Now, get all of the salivating under control and I will continue.
The story goes like this:
I have been craving ramen for weeks! Finally, on Monday, I convinced Jen to come to McClean, VA to check out the Ramen at Tachibana. Another friend of mine introduced me to the amazing Japanese sushi, etcetera at Tachibana months ago and I have driven about an hour and a half for it about 3 different times.
One time early this year, just after all the snow storms, my two friends and I decided to go to Tachibana to try their Ramen at lunchtime (they only do lunch Ramen). I was so hungry and so excited. But, we got stuck behind a plow on the highway blocking travel lanes with walls of snow! When we got there we had missed the lunch menu. I was so disappointed. Since then I have been craving ramen like no ones business.
So a few weeks ago, Jen and I embarked on a journey. I think she is my friend partially because she is willing to allow my food cravings to dictate how, when, where, and why we hang out. And she is usually willing to go along for the ride. So, we ordered Ramen, Chirashi, and a Spicy Scallop roll. On the waitresses recommendation we ordered the miso Ramen. Most places around here seem to have 3 different styles of broth. At Tachibana the options were soy, salt, and miso. It was good for sure but I could tell it wasn't the best Ramen, nor the most authentic. I did really like the noodles though, they were more similar to the noodles in my bastardized Momofuku version. Check it out:
Photo by Robin- Miso Ramen at Tachibana
Sorry, I know it isn't beautiful. It's my LG camera phone.
Oh, but just look at the egg, and pork, and seaweed, and fish cake (that cute white thing with the pink swirl). Tachibana also includes some traditional pickled bamboo shoots (learn more about these from Momofuku), and bean sprouts. Yum!
|Photo by Robin|
My other favorites from Tachibana are the Spicy Scallop roll, and the Chirashi. In case you aren't familiar with Chirashi it is basically sashimi on a bed of seasoned rice. It's not the kind of thing you want to order if you don't trust the seafood to be 100% fresh. The marinated shitake I added to my Ramen were actually inspired more by the mushrooms in the chirashi at Tachibana, and by Momofuku. They are not a traditional item in Ramen, but since I skipped the pickled bamboo shoots I wanted some other form of pickle. Tachibana's Chirashi includes tuna, the best, and only mackerel I've ever wanted to eat, shrimp, salmon, those pickeled shitake, omelet, good pickled ginger, and some other stuff I can't identify (but I will find out and report back soon).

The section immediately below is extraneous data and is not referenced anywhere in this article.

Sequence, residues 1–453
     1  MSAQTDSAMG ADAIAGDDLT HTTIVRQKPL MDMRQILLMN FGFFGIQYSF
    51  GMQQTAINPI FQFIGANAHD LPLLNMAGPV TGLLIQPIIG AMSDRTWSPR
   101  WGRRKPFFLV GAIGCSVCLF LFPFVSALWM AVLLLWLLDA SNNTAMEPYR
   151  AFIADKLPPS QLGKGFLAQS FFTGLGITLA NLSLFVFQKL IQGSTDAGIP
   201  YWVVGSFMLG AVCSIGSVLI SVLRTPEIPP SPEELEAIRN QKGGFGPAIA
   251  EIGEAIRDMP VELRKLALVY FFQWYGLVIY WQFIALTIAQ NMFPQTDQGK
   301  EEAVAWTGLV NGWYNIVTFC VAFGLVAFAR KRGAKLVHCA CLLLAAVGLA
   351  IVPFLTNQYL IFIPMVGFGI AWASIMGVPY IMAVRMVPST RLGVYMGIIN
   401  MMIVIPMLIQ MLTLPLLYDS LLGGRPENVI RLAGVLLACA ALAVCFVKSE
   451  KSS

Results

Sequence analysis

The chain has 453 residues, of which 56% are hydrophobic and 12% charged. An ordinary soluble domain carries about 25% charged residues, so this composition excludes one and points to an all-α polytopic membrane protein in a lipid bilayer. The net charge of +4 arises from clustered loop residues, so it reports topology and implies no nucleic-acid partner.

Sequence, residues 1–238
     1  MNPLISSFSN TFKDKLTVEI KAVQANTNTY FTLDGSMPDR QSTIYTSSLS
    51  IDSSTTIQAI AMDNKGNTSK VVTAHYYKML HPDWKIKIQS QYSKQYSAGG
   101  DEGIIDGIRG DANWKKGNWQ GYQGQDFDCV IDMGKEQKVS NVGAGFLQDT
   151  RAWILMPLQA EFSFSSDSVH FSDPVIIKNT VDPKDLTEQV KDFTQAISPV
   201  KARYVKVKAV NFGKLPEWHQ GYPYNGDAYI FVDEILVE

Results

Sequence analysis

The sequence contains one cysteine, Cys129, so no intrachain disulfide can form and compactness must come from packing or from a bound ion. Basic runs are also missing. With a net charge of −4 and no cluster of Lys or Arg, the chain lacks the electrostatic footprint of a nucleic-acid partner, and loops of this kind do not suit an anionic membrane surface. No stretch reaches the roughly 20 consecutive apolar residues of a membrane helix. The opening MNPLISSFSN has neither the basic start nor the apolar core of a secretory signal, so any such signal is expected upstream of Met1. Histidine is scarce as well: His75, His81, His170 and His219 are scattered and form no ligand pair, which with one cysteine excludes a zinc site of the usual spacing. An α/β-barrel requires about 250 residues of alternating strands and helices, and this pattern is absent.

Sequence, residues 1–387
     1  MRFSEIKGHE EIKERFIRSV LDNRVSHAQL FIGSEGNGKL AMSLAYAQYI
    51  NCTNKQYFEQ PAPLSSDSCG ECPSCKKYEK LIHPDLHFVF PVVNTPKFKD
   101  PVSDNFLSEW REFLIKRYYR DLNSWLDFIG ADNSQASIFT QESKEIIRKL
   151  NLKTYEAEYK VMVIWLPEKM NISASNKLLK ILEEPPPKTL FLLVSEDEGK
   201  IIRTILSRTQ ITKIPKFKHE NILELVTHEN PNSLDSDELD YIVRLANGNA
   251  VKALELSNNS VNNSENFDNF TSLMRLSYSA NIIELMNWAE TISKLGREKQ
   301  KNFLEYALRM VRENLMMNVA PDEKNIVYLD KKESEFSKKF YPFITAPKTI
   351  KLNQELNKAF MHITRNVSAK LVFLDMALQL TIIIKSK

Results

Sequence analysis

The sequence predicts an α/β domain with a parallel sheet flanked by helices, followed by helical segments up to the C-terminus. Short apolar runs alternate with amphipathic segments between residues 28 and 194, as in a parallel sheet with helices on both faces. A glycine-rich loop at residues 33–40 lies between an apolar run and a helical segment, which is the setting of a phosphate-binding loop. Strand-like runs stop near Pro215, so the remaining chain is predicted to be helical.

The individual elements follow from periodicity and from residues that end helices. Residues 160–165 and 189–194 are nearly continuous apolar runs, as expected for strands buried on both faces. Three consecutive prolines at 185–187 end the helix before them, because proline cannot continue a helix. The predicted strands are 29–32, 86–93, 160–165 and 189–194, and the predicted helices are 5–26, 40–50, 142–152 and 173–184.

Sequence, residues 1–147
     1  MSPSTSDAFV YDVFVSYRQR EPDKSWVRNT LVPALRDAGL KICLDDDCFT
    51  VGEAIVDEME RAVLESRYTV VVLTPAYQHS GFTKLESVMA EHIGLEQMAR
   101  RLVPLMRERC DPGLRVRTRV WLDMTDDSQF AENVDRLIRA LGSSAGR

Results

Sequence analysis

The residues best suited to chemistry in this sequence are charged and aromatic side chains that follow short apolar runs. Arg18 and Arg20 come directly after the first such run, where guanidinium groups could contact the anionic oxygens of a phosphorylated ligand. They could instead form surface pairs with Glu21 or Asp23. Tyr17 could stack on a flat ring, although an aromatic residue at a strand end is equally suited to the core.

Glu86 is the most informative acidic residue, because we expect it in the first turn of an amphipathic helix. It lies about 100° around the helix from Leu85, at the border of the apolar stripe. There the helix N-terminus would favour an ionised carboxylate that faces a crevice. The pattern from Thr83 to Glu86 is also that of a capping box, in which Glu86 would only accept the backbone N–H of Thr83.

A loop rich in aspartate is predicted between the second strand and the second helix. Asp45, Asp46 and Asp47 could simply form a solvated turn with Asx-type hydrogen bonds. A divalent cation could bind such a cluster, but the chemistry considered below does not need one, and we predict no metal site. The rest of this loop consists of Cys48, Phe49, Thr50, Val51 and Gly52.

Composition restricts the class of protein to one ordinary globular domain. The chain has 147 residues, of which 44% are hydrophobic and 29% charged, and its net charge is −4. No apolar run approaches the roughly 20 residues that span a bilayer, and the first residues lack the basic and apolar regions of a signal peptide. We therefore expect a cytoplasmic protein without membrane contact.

|Spicy Scallops (Photo by Robin)|
Chirashi (Photo by Robin)
A few nights after my successful trip to Tachibana, my friend, who introduced me to Tachibana, decided we should drive to this Ramen bar in Bethesda, also about an hour away (if you are lucky). Of course I was in. (And by "my friend...decided", and "of course I was in" I mean I had to beg him to go eat with me instead of going to the gym, which was very difficult, NOT). My stomach drives my car sometimes and I find myself in places my wallet would never take me because gas is not cheap. (To be fair, my friend drove, but I paid for dinner to make up for it).
The place is called Ren's Ramen, and before I say more to entice you to immediately drive to Bethesda, I must warn you that they will be closed for a while. They are finding a new location, so call ahead to be sure they are open, and maybe ask to be on their email list.
This place is legit. I knew this from the outside because it is a hole in the wall, literally. They are doing construction in the rest of the office-like building it is a part of and there is plastic sheeting up, and exposed beams, and power tools. They even have a blueprint map with mark to show you how to get to the restrooms, with a hard hat hanging on the wall in case you need it on your way. But this only portends good food in my book.
And damn, was it good. The noodles were more like top ramen (that 89 cent stuff most college kids buy) which threw me for a loop, but the egg was cooked perfectly. Honestly, if they had had nothing but stewed pork belly, I couldn't have been a happier woman. Their toppings are an additional, high, fee. But, it is delicious and worth it. They only have three types of Ramen, we ordered salt and it was so good. Broth was gelatinous and unctuous. The pork belly was incredible. I was thrilled. I can't really elaborate more. All I can say is mmmmmmmmmmmmmmmmmmmmmmmmmmmmmmmmmmmmmm...
Ren's Ramen (look at the little fat globules floating in the broth. fat globules = quality). Included in their ramen is 2 types of pork belly, a piece of dried seaweed, boiled egg, scallions, and bean sprouts).
If you have never had real Ramen. I suggest you go, and go now. Don't wait for fall or winter or a cold. Go.